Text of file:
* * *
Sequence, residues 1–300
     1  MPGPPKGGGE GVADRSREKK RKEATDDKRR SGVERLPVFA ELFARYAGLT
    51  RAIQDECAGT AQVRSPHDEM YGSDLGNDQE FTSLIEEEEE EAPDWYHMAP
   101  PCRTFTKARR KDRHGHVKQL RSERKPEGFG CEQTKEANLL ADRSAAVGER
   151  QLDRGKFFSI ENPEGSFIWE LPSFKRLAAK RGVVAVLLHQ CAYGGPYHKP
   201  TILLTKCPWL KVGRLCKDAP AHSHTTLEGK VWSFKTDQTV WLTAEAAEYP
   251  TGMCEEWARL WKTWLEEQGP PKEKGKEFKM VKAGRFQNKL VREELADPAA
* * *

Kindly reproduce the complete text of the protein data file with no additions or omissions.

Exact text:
Sequence, residues 1–300
     1  MPGPPKGGGE GVADRSREKK RKEATDDKRR SGVERLPVFA ELFARYAGLT
    51  RAIQDECAGT AQVRSPHDEM YGSDLGNDQE FTSLIEEEEE EAPDWYHMAP
   101  PCRTFTKARR KDRHGHVKQL RSERKPEGFG CEQTKEANLL ADRSAAVGER
   151  QLDRGKFFSI ENPEGSFIWE LPSFKRLAAK RGVVAVLLHQ CAYGGPYHKP
   201  TILLTKCPWL KVGRLCKDAP AHSHTTLEGK VWSFKTDQTV WLTAEAAEYP
   251  TGMCEEWARL WKTWLEEQGP PKEKGKEFKM VKAGRFQNKL VREELADPAA